One of the costliest aspects of logistics operations is finding the right information! While optical scanners have reduced transcription errors and increased speed, their proliferation has cluttered packaging. Now, the problem is finding the right label!
The Reverse Logistics Association created and now manages a new ANSI standard protocol that enables the consolidation of labels.
One label does it all—consolidating all the information required in shipping and receiving, from warehousing to final disposal. Our One Label also facilitates single swipe scanning—ideal for automated systems. Since QR codes can contain up to 4000 characters by the current standard, all of the information required for efficient logistics management can be included in a single label. What makes the difference is our protocol that standardizes the field delimiters (how to include multiple fields and separate them) and provides a standardized dictionary of filed titles. Thus labels can use short-cuts to create a string of fields and therefore encode multiple fields. The example above, taken from an actual refrigeration.
Using only 94 characters—with short URL’s, this encoding will produce the label shown above when read with a reader programmed to recognize the protocol(1). It includes company name (B000) Model Number (Boo2) Serial Number (B005), the UPC code (G029) and a link to detailed product information (Boo3).
With capacity for 4000 characters. there is room for so much more: the manufacturer could add fields for accessories, extended warranties, and recycling information. There would still be room for more fields of data. From a logistics perspective, adding carton dimensions, weight, GS 1, GHS, MSDS codes and information can all be consolidated into one label. There would still be room for more information. One label, indeed, can do it all!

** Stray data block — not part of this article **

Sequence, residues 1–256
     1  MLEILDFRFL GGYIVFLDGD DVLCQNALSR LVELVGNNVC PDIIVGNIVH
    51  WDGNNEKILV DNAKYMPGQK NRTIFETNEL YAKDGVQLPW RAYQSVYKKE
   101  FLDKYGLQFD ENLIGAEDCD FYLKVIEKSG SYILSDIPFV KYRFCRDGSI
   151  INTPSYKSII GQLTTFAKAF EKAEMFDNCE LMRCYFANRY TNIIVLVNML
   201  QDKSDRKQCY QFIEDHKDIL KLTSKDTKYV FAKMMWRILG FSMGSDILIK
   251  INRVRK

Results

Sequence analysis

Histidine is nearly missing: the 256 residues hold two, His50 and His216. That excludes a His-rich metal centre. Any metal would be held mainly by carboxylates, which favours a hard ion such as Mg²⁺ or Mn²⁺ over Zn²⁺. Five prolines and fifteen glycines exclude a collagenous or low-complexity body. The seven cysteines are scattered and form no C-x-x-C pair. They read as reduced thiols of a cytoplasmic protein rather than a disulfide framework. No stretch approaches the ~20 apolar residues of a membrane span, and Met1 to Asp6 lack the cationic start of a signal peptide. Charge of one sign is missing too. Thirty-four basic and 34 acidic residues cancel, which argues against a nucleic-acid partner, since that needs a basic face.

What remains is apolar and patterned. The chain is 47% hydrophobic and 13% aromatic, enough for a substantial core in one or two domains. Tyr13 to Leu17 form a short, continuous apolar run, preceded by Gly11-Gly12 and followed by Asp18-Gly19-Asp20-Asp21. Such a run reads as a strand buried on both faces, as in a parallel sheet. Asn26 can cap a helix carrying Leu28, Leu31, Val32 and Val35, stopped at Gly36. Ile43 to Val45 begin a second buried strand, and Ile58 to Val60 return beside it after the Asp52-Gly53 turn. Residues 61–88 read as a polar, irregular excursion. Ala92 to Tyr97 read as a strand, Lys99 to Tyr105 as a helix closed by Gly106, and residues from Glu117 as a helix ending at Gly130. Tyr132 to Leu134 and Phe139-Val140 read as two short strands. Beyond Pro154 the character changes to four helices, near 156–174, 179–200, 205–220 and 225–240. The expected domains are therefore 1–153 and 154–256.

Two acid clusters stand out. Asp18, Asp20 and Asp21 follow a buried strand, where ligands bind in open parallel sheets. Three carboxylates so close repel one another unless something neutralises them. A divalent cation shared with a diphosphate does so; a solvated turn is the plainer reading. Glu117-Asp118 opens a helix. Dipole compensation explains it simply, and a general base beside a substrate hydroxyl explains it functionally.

By the way, some of the data can be encrypted and other parts not. The protocol supports multiple languages and currencies. Stringing multiple fields can create block chain applications. The protocols can be ported and converted to other symbologies such as RFID or Matrix Code.
We envision a day when, with geo-tagging, a consumer could scan the code on the back of their old refrigerator and recycling centers could/would actually bid for permission to come pick it up As we improve our technologies for refurbishing and recycling, and with proper labeling, the end-of-life value of the product could be accurately communicated with the press of a single button.
For more information, please visit the RLA webpage, www.rla.org/sqrl. There you will find a listing our the Field Identifiers and instructions on how to use them. You are also invited to communicate with our Standards Committee at email@example.com. We are currently seeking pilot projects to help with the launch of this exciting new approach to product labeling.
(1) We expect that as the standard proliferates, most free readers will be adapted to recognize the command. The RLA will also produce a free reader.